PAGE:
The Last of Us: Remastered – PS4
Platform: PlayStation 4
Developer: Naughty Dogs
Publisher: Sony Computer Entertainment
Release Date: July 29th, 2014
Nerd Rating: 9 out of 10
Reviewed by Scott PM
I can remember reading an article a long time ago in a console generation far, far away about some new post apocalyptic zombie game known as The Last of Us. Out of all of the articles in that issue of Game Informer, that was the only one that interested me. How could the others even compare? They didn’t have anything The Last of Us had. No strong personal appeal, no hyped anticipation. It didn’t look like the rest of the post apocalyptic zombie games. It wasn’t all hues of grays and browns like Fallout 3 or desolate urban environments like Left 4 Dead. This was all greens; wonderful, beautiful greens overgrowing the ruins of society. Needless to say I was excited for it. Woe was me that I didn’t have my own PS3.
When it came out, though, I had access to a PS3, and I impulse bought it. I was not disappointed.
The game throws you right into the height of the outbreak of a fungal infection that is killing a large percentage of infected individuals. These infected have begun turning into raging beasts that beat and bite the uninfected, either killing or infecting them. You are Joel, single father of one young girl, and you and your brother, Tommy, are trying to get out of the area. Everything is chaos.
Flash forward twenty years. Yes, twenty years. I was surprised when I read that subtitle. I knew some time would pass, but twenty years was unexpected. Joel was already an older protagonist; shooting the game forward twenty years pushed him closer to fifty. Joel is living in Boston in a quarantine zone, and the city has been overgrown with vegetation and flooded with infected. He is a member of an underground black market organization and is tasked with smuggling something out of the city: a fourteen year old girl named Ellie, the game’s second protagonist. A fun-filled adventure across America ensues.
I wouldn’t dare give away vital plot elements for a game like this, so that’s all I’ll say on the story. Gameplay-wise, it handles fairly decently. You’re in the third person perspective over the shoulder and use the triggers for aiming and shooting, like any other shooter. In the early stages of the game before you upgrade anything it can be difficult to aim and shoot, which only makes everything more harrowing. As you progress you can upgrade your aiming and shooting abilities, so that isn’t really an issue. Handling Joel other than with a weapon can be wonky, but it adds a measure of realistic control to the game. I know, that sounds like a lame excuse for poor controls, but I have definitely seen worse controls, and I definitely wouldn’t call the controls bad.
Depending on the difficulty level you choose, supplies and ammo can be either plentiful or extremely scarce. The game is designed to be played with limited resources, so unless you’re really against high difficulties I’d go with a harder setting. The difficulty setting also affects your health, which translates to taking more damage from enemies (obviously). Honestly, though, some enemies kill you in one hit no matter what (Clickers) and if you’re in a situation where your health is compromised you probably won’t survive no matter the difficulty. The Last of Us isn’t a “guns blazing” type of game; it’s a stealth game. You have to utilize the shadows and constantly move to keep out of sight if you’re to survive, even on easier difficulties. Long story short: up the difficulty and get the trophy. It’s more fun that way.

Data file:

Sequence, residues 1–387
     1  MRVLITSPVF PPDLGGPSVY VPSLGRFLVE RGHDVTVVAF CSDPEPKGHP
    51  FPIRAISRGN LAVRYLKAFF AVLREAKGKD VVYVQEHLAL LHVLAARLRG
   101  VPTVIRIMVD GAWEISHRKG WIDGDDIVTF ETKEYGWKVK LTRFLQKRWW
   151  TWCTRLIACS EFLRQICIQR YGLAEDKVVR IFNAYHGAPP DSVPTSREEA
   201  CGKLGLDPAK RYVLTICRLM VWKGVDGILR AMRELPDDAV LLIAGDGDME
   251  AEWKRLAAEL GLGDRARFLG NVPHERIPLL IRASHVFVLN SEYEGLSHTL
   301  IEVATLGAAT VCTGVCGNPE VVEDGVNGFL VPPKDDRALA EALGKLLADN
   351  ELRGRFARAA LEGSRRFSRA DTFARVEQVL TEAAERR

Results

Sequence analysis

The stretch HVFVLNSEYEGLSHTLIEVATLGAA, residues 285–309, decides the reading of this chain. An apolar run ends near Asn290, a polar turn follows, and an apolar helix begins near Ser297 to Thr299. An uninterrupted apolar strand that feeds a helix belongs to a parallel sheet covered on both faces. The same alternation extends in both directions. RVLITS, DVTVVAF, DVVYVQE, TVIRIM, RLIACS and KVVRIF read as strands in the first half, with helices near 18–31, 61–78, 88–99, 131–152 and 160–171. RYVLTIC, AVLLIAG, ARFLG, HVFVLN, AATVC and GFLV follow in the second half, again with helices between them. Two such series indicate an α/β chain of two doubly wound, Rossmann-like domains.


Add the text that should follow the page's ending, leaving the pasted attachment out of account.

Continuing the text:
I played both the PS3 and PS4 versions of The Last of Us, and while the PS3 version was stunning with its previous generation graphics, the upgrade to the PS4’s graphics is breathtaking. Seeing the game running in 1080p/60FPS makes the PS3’s graphics seem so dated. That’s not to undersell the PS3 version. It’s a great looking game on that system, too. It just looks better on the PS4.
The Last of Us being remastered less than a year after the original release was a hot button topic for awhile after it was announced and after its release. Many questioned why we needed a remastered version so soon (or even at all in some cases). I’m not going to try to defend the practice of remastering games in general, but humor me for a moment. If you own The Last of Us on the PS3, there’s really no reason for you to buy it again. I mean, it looks nice, but it doesn’t really add anything. If you don’t have it on the PS3, the PS4 version is a pretty good deal. You get the full game and the Left Behind DLC for fifty USD, which is ten dollars less than the retail version of The Last of Us without the DLC. Like I have explained to others: remastering last generation games isn’t a practice I want to see continued, but I don’t mind it for the time being.
The Last of Us is a great game. If you’ve been on the internet since its release, you know that. The story is gripping, the controls handle well, and the suspense keeps you on the edge (in a good way). The story is what really drives it home, though. Rarely have I managed to find a game that keeps me enthralled start to finish, one that makes me laugh in between bouts of crying and sweating in fear. If you own a PS4 and haven’t played The Last of Us yet, I would highly recommend this game, especially if you are a fan of story driven games. If stealth games aren’t your thing, I would still recommend you give it a shot. The stealth play is done nicely, unlike other some games with stealth. It doesn’t intrude and isn’t forced. But like I said, the story is where it’s at. You’ll laugh, you’ll cry, you may even want to scream, which I would avoid doing if you have roommates, and you’ll enjoy every second of it. Just be careful after playing: you may be frightened by the sound of clicking!
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